Certainly there are differences between the students of community colleges and those attending "higher level" colleges. What is more important is that we can see how the differences are reinscribed in AUPs in ways that reinforce class boundaries. For example, network filtering plays an essential role in stopping malware, viruses, and child pornography. But beyond those legal requirements, the informational geography of community college students can be heavily redlined through content filters that block Web sites and reinforce restrictive pedagogies. The dangers of digital redlining have been recognized by the White House in areas of filtering and personalization and by prominent civil rights groups in terms of broadband access, but it's a concern in colleges as well. We don't have to rely on hypotheticals: We know because we see it at our own institution on a daily basis. We know because we see how these policies are codified in institutions' acceptable use policies.
The demographic profile of community college students is distinctly working class, and our interest in digital redlining prompted us to review about 30 acceptable use policies at such institutions. These revealed a consistent emphasis on prohibited uses, prohibited services, and limited privacy rights. To formulate an evaluation of the class biases of these institutional policies, we interviewed CIOs from four categories of the Carnegie Classification of Institutions of Higher Education, an upper-level information officer at an R1 institution, and the associate dean of a digital writing program at another R1. These interviews led to a further sampling and assessment of AUPs from each of the Carnegie Classifications. After reviewing 109 AUPs, the results were straightforward: The more research-based the institution, the more the policies emphasized IT as an environment with a variety of stakeholders. On the other hand, institutions that emphasized job training and certification saw IT as a tool for transmitting information as determined by the school. These deeply different approaches to digital technologies are a form of redlining that can both discourage and limit working class students from the open-ended inquiry supported at more elite institutions.
Digital redlining is not a renaming of the digital divide. It is a different thing, a set of education policies, investment decisions, and IT practices that actively create and maintain class boundaries through strictures that discriminate against specific groups. The digital divide is a noun; it is the consequence of many forces. In contrast, digital redlining is a verb, the "doing" of difference, a "doing" whose consequences reinforce existing class structures. In one era, redlining created differences in physical access to schools, libraries, and home ownership. Now, the task is to recognize how digital redlining is integrated into edtech to produce the same kinds of discriminatory results. Armed with the history of redlining, and understanding its digital resurrection, we glimpse the use of technologies to reinforce the boundaries of race, class, ethnicity, and gender. Our experience is that this problem is seldom recognized as an urgent educational issue.
Returning to Nina, the community college student who wants information about revenge porn: After researching the topic on a filtered and monitored connection, she reasonably believes there isn't much to the topic. For her, the digital redlining occurs because she—like many community college students—relies on the school for Internet access beyond her phone. If the school restricts information access, knowledge doesn't simply become invisible; it does not exist. The filter—a tool configured by policy and implemented by an individual's interpretation of that policy—digitally redlines the intellectual territory of the community college students in ways not seen at "higher level" institutions where the working class does not predominate.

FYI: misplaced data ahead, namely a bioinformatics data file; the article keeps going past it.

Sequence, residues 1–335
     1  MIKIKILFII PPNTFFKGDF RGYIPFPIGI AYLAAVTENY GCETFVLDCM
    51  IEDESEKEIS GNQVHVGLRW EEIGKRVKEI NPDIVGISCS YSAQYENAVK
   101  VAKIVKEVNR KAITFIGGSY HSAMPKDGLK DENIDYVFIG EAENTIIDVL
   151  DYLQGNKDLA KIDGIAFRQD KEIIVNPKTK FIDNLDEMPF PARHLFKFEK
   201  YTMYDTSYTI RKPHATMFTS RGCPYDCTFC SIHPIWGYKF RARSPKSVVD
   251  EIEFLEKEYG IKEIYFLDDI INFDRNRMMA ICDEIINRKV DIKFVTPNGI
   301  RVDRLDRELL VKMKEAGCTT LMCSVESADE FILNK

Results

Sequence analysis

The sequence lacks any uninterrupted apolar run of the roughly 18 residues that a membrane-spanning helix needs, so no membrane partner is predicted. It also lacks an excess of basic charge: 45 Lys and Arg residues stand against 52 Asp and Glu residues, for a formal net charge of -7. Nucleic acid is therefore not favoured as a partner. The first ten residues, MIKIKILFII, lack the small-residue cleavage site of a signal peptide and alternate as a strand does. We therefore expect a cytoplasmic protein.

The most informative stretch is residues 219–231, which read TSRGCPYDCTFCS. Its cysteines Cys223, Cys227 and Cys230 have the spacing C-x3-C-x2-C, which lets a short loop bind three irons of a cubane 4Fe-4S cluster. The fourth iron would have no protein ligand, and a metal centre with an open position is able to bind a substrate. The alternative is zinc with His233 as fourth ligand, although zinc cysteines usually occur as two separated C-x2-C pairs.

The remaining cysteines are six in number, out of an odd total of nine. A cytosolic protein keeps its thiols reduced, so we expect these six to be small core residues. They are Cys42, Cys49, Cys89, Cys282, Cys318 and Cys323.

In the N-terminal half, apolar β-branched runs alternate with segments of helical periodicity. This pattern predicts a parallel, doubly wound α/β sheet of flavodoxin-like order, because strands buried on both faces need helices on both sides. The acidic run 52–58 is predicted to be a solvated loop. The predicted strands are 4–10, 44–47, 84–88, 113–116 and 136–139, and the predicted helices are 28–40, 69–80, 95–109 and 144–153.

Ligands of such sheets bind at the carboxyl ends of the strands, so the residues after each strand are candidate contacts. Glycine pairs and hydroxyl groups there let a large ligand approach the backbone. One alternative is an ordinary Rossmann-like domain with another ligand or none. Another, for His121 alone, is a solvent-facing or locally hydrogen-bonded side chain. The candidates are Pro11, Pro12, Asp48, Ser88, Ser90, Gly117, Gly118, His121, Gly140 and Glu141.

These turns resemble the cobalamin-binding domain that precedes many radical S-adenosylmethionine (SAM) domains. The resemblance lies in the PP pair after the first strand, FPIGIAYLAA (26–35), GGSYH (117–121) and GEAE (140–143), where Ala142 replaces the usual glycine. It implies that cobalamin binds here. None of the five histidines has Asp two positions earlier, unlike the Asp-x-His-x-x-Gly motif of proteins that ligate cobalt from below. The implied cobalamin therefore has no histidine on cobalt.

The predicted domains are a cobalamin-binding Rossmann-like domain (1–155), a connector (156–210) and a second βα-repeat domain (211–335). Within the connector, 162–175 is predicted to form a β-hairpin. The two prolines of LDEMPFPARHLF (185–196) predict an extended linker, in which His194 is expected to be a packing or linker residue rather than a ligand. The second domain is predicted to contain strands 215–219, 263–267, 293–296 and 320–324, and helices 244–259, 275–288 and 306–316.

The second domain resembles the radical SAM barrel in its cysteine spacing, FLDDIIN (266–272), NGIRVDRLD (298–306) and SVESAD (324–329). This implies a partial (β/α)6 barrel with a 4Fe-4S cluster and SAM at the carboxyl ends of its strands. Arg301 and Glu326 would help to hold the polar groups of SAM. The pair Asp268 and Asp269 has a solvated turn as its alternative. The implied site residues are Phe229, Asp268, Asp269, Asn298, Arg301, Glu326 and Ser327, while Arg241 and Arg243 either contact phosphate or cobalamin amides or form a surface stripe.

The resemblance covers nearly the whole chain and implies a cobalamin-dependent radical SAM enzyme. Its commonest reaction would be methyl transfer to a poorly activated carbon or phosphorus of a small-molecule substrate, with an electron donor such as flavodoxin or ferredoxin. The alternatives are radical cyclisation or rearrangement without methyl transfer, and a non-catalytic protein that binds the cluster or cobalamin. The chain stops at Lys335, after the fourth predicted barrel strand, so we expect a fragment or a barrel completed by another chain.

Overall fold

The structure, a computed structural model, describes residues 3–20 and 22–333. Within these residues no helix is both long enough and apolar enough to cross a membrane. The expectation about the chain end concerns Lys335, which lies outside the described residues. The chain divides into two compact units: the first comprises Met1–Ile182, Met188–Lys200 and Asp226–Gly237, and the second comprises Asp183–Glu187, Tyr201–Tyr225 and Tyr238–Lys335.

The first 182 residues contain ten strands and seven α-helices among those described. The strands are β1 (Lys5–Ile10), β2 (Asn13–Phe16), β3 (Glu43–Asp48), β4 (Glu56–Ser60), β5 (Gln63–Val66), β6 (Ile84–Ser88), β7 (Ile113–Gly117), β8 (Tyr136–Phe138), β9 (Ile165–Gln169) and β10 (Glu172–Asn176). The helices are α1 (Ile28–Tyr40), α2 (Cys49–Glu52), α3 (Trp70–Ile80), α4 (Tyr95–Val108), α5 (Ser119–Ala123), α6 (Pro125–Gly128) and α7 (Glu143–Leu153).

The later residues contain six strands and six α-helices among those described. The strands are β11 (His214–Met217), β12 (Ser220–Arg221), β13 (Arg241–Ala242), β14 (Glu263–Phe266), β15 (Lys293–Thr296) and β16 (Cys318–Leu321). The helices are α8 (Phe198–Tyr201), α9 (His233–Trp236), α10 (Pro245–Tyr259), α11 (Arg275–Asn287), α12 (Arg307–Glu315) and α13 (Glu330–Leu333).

Digital redlining isn't recognized as a postsecondary problem, we would guess, for three reasons. First, these issues typically aren't problematic at higher-level institutions because, as our research shows, the IT policies at R1 institutions lean toward an open environment. Second, the socioeconomic status of students at R1s means that their options for accessing the Internet are not limited to their time on campus. Third, it isn't recognized as a problem at community colleges because the institutions themselves often share in a class consciousness that sees education as job training. Training is fundamentally a transmission process: The instructor has predetermined processes and goals that the student must absorb. It assumes that there is an authority that determines what a student needs to know and what the outcome will be. Under such conditions, technologies will not be interrogated to reveal how they actively reinscribe social structures. Indeed, with filtering in place, attempts to research the limits placed on technology can be blocked, and the person asking the questions will have their searches logged. Therein lies the danger.
Moving forward, the framing, construction, and critique of tech policy at institutions needs to take into account the extent to which those policies either open up or wall off access to knowledge and information. Do the policies erect invisible walls that restrict access, or do they allow for students to do the kinds of interest-driven learning necessary for students to take control of their learning? We also have to begin by asking questions about the implicit pedagogy of any technology we are looking to adopt. Does it restrict or promote openness and access?
For software developers, the questions are not so different. Great edtech is rooted in clearly defined and articulated pedagogy. As you shepherd a concept into a product, can you describe the pedagogical underpinnings of this tech? To that end, we would challenge developers to ask themselves that question and to engage faculty (the pedagogy experts) at all stages of developing tech. Further, developers need to take into account the populations and the institutions for whom they are developing. Digital redlining takes place when policymakers and designers make conscious choices about what kinds of tech and education are "good enough" for certain populations but also happens through the failure to interrogate policy and design. We all have a role to play in these interrogations -- any of us can ask about the policies and technologies that filter our access and track our interactions. To think about digital redlining is to historicize contemporary digital culture, an urgent task if these technologies are to help students reach their goals.
Image Credit: Home Owners' Loan Corporation, Philadelphia redlining map. This map is in the public domain.